That said, in another thread I argued that if Vietnam, the Philippines and the other smaller nations were wise, they’d offer to give up their claims on the Spratlys in exchange for a significant amount of money…and then rush to be the first to provide logistical support to the Chinese industry that will need food, fuel, and manpower support in those areas.

    There’s a time for national pride…and there’s also a time for pragmatism. This is the time for the latter.

  • Obama

    To China Lee
    UNCLOS 1982 was signed by China. China has to obey international law. China has no legitimacy to the entire China Sea. For China to use “chingchong” history as its reason to claim, then China needs to give Vietnam back Guangdong because that used to be ruled by the BaiYeu (Vietnam).

  • HackYourAss

    Chinese documents are FAKE! Their documents have been cut and pasted to support their greedy ambitions. IF you don’t believe me, look at their so so famous character such as Fake melamine milk which kills children, Fake Toys wtih LEAD that kills children, Fake Egg, Fake Rice, Fake Wine, etc… The list goes on.

    If you don’t believe me, you will see all the chinese spies which ate Bun filled with cardboard for breakfast cyber snooping. Don’t mess with NAM!

  • Peter

    CHinese documents are fakes? How about maps from early 20th century Japan, US, France, Vietnam, etc..? Even France, before taking over the islands in the 19th century noted Chinese are living on the islands.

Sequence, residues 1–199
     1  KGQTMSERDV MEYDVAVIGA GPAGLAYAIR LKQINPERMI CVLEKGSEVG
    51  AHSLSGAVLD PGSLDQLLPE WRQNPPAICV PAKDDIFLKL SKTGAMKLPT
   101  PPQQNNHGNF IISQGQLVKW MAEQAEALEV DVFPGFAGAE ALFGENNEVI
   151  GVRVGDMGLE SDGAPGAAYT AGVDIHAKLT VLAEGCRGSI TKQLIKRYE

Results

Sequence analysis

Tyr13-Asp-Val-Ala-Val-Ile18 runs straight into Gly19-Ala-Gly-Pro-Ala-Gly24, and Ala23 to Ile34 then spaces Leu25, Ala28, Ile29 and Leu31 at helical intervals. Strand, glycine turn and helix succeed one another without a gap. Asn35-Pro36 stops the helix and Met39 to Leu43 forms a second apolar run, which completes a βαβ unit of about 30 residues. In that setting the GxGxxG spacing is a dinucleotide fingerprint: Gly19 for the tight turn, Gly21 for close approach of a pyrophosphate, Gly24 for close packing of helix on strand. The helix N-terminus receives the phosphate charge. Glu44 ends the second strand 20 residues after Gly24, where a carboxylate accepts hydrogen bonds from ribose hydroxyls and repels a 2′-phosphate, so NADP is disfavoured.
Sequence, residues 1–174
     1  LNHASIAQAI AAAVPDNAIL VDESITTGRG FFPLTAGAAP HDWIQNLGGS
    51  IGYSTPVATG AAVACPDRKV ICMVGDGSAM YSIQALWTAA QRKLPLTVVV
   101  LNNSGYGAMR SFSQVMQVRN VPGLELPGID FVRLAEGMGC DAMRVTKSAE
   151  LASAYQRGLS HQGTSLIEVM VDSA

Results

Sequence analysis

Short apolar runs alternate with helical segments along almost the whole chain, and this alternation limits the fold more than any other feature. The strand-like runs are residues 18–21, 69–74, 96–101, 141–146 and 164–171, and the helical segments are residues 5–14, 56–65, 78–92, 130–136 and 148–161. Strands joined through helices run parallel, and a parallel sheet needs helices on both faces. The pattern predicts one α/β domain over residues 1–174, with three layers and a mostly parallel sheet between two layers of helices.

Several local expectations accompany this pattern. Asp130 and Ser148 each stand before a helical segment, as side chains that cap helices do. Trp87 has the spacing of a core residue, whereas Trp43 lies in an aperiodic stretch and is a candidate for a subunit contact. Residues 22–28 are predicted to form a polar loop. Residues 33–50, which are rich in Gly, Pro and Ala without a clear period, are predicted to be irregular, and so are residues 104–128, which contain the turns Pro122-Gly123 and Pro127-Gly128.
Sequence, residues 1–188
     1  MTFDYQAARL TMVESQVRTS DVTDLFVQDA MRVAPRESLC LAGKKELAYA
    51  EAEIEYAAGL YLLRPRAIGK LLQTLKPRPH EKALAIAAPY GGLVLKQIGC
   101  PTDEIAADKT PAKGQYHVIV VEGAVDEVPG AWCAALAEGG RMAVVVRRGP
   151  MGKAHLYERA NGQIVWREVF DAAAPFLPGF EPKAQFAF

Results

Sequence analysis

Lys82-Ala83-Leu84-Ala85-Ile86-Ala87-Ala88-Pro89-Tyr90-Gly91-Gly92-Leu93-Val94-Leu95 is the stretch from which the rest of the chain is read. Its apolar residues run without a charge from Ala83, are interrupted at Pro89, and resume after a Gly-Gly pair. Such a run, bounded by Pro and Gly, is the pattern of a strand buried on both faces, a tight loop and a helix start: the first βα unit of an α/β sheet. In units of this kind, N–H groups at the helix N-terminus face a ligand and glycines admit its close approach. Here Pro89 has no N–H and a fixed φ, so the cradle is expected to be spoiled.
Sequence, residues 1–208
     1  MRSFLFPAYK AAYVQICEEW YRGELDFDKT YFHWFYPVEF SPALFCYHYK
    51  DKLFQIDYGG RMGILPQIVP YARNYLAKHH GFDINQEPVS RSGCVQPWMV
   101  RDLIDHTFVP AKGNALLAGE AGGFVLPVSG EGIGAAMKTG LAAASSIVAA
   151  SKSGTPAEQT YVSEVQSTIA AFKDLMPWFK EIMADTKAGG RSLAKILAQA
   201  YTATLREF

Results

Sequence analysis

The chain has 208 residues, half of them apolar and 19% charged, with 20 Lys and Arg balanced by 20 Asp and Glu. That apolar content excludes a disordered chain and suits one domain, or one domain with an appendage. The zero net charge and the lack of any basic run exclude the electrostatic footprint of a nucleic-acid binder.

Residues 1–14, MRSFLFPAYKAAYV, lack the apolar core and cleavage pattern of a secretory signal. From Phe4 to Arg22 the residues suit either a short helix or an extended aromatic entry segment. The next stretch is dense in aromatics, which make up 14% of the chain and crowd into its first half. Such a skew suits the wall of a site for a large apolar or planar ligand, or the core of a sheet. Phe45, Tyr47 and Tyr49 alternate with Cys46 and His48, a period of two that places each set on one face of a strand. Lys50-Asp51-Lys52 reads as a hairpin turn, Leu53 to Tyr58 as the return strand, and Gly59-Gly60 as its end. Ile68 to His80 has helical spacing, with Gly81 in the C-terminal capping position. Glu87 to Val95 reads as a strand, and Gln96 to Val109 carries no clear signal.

How about international records that indicated in the 50’s, both Vietnam and Philippine leaders both agreed that China is the owner of the islands?

    Old Chinese documents, old maps, old artifacts cannot all be fake unless you closed your mind already

  • Matias

    britishs want to turn malvinas into a military fortress, why do the british want that when South America is the most peacefully place in the world?? because they want to take control of everything, they have middle atlantic islands, pacific islands and they want to have malvians to enter to Antartida, british as the americans are so predictable, they want natural resources they dont care about the kelpers.

  • http://blogcritics.org/writers/dr-dreadful/ Dr Dreadful

    Well, isn’t this jolly?

    What do you think, regulars? Shall we sit back and let the Chinese, Vietnamese and Argentine government shills fight amongst themselves?

    Or is it more fun to join in?

  • http://tmackorg.com/ Tommy Mack

    There are better venues, Doc. These chaps aren’t any fun.

    Tommy